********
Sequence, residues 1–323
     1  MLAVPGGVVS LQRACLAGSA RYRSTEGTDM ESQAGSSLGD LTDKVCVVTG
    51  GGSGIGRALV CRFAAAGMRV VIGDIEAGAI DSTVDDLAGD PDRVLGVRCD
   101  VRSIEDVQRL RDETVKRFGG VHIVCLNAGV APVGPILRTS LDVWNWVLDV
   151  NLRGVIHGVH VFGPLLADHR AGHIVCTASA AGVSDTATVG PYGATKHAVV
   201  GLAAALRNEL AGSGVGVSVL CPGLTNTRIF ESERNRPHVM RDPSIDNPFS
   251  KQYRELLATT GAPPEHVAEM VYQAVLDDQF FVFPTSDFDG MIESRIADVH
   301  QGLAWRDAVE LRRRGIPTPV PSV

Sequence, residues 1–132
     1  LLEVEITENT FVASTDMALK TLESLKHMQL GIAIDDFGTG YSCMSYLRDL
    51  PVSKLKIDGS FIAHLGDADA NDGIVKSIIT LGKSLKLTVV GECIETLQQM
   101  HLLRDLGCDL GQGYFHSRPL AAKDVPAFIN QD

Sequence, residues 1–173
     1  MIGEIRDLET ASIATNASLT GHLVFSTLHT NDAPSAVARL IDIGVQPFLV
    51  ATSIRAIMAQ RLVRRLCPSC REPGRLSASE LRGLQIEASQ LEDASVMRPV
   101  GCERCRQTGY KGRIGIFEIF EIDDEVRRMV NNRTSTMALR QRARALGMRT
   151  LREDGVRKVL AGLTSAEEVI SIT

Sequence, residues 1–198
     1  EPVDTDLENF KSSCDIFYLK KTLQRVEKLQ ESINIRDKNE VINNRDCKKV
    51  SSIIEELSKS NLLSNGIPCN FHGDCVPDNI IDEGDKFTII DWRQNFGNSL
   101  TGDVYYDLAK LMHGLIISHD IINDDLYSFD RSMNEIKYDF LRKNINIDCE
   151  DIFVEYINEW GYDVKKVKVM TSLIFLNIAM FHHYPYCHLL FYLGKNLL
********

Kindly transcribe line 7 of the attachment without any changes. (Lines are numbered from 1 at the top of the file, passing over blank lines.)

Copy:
   251  KQYRELLATT GAPPEHVAEM VYQAVLDDQF FVFPTSDFDG MIESRIADVH